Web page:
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Out Today: Pianist Jacob Greenberg Releases 'Bright Codes'


Featuring works By Fujikura, Williams, IONE, and Davis.

Out Today: Pianist Jacob Greenberg Releases 'Bright Codes'

Pianist Jacob Greenberg today releases his first solo disc, Bright Codes, on TUNDRA via New Focus Recordings. The album features exciting commissions for piano and harmonium written for Greenberg between 2013 and 2021 that premiered at venues such as Lincoln Center for the Performing Arts and Miller Theatre.

Composers Dai Fujikura, Amy Williams, IONE, and Nathan Davis all crafted works tailored to Greenberg's technique and imagination as a multi-keyboard player. The album also features soprano Tony Arnold in two works by Amy Williams.

Of the use of harmonium and its history, Jacob Greenberg says, "The small portable variety of harmonium is a core element of Indian classical music and is a modification of the large European instrument invented in the 1820s. The foot pedal bellows of the European model became a hand pump for the instrument that was imported to the Indian subcontinent; the internal brass reeds that receive air are the same in both versions. Two models of harmonium are used for this recording: a Delhi-style twin-reed instrument (male, bass) and a Kolkata-style triple-reed instrument (female, male, bass). Though notated Western music for the Indian instrument is rare, the harmonium shows an unquestionable affinity for the avant-garde, and is a rich medium for experimentation by today's composers."

Dai Fujikura says that composing for Jacob Greenberg allowed him to go somewhere within himself he had not visited before. His seven-minute White Rainbow (2016) for harmonium is the result of mutual exploration of the instrument by composer and performer. Equally expansive and sensitive to nuances of color, the piece is inspired by the natural phenomenon of a white rainbow-also called a fogbow-that is caused by the small droplets inside a cloud. These droplets are small, and the bows have only weak colors or are colorless. The novel harmonium techniques like sudden changes of registers, use of the ghostly octave coupler, and rhythmic pulsing with the jaali mute evoke the piece's atmospheric subject. Fujikura's Bright Codes (2015/2016) for piano took shape over four years, with each quiet miniature composed individually, yet intended to be played continuously with the others, without pause, in any order. Randy Ezratty and James Rosenfield provided essential funding for Bright Codes.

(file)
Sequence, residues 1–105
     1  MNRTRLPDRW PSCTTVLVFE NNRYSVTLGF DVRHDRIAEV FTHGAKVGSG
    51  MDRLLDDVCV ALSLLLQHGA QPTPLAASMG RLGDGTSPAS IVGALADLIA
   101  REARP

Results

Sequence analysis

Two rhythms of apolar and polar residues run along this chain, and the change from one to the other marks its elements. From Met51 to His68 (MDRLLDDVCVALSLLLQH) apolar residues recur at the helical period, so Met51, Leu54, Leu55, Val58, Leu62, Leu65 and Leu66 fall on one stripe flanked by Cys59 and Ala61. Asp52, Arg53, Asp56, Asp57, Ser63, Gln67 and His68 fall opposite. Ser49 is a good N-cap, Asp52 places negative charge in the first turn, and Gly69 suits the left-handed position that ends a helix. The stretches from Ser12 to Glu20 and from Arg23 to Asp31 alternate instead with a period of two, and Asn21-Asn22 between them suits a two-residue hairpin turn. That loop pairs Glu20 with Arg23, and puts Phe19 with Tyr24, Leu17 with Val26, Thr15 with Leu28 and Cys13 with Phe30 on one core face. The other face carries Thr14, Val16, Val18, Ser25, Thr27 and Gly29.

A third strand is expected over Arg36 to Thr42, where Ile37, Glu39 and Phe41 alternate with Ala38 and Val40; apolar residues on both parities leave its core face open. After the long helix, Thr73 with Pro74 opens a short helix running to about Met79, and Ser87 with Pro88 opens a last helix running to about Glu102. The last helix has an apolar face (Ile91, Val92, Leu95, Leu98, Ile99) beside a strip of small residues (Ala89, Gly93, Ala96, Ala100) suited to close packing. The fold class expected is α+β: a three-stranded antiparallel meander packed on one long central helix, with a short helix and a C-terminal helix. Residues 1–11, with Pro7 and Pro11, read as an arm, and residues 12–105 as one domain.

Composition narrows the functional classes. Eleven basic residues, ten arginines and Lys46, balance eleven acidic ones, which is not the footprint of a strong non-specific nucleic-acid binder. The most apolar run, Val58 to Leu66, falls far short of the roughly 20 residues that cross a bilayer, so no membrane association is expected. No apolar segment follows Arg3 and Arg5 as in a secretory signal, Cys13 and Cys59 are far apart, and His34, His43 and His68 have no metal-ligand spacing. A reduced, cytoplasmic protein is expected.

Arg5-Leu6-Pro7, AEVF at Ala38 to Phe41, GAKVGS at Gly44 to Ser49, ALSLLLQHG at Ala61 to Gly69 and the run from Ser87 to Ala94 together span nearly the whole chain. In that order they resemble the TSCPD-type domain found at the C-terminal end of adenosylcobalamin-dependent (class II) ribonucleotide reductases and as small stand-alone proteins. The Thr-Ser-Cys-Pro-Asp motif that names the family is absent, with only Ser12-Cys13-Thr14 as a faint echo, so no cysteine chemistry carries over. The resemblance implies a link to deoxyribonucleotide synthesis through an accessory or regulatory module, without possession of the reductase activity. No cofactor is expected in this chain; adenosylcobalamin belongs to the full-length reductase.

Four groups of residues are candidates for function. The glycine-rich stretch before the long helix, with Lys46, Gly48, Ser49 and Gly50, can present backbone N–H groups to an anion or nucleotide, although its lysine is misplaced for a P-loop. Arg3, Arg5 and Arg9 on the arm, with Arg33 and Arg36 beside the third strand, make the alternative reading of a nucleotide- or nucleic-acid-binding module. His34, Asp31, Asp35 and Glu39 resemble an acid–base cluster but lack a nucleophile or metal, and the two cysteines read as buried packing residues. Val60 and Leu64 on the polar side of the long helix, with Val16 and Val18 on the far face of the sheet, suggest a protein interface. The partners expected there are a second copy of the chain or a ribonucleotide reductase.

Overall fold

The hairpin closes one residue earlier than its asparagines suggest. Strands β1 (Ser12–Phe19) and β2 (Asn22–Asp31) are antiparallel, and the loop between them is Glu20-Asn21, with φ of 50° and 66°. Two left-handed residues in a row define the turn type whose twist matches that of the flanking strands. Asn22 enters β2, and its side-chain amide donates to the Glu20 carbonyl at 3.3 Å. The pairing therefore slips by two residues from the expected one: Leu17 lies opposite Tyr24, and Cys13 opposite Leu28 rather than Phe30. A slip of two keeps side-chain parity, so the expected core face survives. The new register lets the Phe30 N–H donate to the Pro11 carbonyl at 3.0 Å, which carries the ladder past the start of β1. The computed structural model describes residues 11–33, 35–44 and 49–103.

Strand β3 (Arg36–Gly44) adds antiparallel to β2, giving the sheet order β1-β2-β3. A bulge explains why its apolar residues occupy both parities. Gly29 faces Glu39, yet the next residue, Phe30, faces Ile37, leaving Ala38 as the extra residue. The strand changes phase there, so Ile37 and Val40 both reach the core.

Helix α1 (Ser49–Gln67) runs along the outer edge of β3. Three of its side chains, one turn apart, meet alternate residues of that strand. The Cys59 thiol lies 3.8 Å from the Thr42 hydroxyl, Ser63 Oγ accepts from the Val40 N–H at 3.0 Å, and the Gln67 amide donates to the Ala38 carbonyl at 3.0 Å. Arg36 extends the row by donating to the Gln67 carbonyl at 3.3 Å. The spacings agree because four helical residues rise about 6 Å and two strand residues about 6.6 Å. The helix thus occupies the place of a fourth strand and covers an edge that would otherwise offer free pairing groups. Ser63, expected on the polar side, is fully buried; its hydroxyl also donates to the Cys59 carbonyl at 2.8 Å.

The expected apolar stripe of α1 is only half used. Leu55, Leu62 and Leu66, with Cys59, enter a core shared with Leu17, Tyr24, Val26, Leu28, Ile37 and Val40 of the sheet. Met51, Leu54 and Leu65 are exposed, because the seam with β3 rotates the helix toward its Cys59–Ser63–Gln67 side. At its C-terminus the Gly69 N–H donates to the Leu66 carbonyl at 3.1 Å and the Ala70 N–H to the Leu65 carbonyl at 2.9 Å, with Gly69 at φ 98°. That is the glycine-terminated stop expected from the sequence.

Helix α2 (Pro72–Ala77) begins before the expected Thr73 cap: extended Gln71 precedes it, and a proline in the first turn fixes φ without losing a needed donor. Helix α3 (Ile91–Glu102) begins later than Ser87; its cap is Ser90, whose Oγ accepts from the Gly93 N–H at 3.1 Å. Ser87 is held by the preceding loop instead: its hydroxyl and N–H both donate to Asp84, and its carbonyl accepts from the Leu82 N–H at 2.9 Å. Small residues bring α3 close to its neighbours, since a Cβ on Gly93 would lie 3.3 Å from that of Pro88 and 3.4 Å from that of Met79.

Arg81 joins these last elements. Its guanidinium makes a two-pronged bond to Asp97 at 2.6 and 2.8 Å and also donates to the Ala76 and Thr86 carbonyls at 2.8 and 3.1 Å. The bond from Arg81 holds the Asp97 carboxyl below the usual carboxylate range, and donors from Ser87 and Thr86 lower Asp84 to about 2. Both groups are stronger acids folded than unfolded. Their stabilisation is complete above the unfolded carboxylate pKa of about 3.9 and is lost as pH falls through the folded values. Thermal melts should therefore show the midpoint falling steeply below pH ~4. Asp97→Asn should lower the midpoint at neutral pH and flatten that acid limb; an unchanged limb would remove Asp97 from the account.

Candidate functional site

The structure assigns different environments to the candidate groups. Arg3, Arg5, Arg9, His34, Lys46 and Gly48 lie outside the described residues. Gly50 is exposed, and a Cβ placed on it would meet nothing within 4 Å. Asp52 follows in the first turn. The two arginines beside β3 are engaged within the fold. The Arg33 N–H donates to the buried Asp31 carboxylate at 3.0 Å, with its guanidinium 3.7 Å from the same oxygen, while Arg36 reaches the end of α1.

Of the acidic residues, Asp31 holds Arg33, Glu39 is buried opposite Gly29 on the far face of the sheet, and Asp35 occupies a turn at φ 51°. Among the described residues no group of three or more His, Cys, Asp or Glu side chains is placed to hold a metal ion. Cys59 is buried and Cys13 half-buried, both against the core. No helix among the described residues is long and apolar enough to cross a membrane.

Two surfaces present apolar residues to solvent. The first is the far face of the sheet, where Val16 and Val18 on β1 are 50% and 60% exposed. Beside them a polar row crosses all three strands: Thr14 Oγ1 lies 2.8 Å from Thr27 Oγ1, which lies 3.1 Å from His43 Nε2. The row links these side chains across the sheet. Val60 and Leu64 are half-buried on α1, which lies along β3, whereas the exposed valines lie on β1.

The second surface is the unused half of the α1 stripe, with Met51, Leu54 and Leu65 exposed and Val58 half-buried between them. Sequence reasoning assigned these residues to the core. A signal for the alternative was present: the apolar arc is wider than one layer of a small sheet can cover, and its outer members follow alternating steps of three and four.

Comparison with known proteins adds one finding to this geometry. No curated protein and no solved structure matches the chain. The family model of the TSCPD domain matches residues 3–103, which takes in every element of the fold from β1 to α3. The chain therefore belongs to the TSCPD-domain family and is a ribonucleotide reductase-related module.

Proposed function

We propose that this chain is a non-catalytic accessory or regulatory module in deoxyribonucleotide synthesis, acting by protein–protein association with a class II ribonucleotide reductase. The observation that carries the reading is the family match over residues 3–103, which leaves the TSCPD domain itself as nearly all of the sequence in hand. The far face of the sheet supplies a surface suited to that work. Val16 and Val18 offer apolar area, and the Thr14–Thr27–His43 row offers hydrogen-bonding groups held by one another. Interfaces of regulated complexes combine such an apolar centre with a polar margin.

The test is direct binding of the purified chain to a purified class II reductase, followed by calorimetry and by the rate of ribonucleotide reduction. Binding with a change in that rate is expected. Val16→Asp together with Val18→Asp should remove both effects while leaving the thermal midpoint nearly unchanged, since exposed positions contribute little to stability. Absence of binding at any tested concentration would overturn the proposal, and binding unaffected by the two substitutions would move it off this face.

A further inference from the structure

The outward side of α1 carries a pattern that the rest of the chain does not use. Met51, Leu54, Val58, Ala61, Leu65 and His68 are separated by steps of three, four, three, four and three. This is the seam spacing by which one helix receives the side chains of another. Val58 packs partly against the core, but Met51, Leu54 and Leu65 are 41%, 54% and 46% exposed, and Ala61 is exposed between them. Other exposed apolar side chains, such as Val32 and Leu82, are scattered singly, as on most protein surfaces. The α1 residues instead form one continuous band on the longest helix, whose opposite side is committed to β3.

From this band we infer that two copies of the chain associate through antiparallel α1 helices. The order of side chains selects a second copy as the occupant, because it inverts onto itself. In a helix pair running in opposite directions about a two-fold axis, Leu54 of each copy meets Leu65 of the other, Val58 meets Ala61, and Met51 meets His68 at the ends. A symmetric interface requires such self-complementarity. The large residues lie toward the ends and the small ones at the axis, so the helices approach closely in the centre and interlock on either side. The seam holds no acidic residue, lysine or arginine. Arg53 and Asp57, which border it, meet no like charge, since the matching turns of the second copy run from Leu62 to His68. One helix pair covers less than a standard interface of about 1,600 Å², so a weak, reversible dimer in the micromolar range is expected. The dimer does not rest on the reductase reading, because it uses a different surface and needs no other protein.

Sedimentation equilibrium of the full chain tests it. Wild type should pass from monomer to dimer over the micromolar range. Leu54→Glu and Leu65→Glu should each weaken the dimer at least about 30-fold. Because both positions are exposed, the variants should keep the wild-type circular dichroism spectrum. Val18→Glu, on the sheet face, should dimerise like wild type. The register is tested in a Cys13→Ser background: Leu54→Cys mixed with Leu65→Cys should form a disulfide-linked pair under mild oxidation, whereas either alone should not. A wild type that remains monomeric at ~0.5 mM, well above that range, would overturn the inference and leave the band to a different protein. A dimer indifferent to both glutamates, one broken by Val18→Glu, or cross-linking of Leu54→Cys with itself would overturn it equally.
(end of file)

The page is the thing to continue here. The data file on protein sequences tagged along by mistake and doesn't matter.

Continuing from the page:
Amy Williams' Fünf Worte (2017) for harmonium and voice, featuring the soprano Tony Arnold, is a set of five intimate miniatures, each of which explores one-and only one-German word: I. Frühjahrsmüdigkeit, II. Fingerspitzengefühl, III. Verschlimmbessern, IV. Kuddelmuddel, and V. Sehnsucht. Williams' Cineshape 4 (2003) for piano explores virtuosic perpetual movement and repetition. It is directly modeled on the structure and certain narrative elements of the 1998 film Run Lola Run. Like the film, the piece starts in exactly the same way three times, but develops in starkly different ways. Cineshape 4 was co-commissioned by the International Contemporary Ensemble for the 50th anniversary of Lincoln Center for the Performing Arts.

The author and poet IONE's The Memory of Now (2021), for harmonium with sonic vocals performed by the composer, is a text score that invites musical improvisation in a ritual manner. As the voice intones directions for interior reflection, it reacts spontaneously to the resulting sounds that portray states of memory. The effect is a unique chamber music partnership. IONE says, "The player or players are invited to listen to external and internal sounds without judgment, while allowing momentary states of being to flow freely."

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